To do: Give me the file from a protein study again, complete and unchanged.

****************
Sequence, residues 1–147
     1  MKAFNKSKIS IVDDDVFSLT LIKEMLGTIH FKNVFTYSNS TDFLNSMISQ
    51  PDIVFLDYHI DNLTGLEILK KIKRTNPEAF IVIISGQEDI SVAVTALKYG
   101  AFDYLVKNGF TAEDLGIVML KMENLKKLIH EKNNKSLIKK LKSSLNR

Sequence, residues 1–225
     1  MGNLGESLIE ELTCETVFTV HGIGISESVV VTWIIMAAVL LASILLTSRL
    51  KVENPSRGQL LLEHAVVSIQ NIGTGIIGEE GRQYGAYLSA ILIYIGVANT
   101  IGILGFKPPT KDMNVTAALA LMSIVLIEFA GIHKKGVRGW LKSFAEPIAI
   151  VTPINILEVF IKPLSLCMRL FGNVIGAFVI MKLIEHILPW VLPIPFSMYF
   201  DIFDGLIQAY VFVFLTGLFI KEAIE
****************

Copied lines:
Sequence, residues 1–147
     1  MKAFNKSKIS IVDDDVFSLT LIKEMLGTIH FKNVFTYSNS TDFLNSMISQ
    51  PDIVFLDYHI DNLTGLEILK KIKRTNPEAF IVIISGQEDI SVAVTALKYG
   101  AFDYLVKNGF TAEDLGIVML KMENLKKLIH EKNNKSLIKK LKSSLNR

Sequence, residues 1–225
     1  MGNLGESLIE ELTCETVFTV HGIGISESVV VTWIIMAAVL LASILLTSRL
    51  KVENPSRGQL LLEHAVVSIQ NIGTGIIGEE GRQYGAYLSA ILIYIGVANT
   101  IGILGFKPPT KDMNVTAALA LMSIVLIEFA GIHKKGVRGW LKSFAEPIAI
   151  VTPINILEVF IKPLSLCMRL FGNVIGAFVI MKLIEHILPW VLPIPFSMYF
   201  DIFDGLIQAY VFVFLTGLFI KEAIE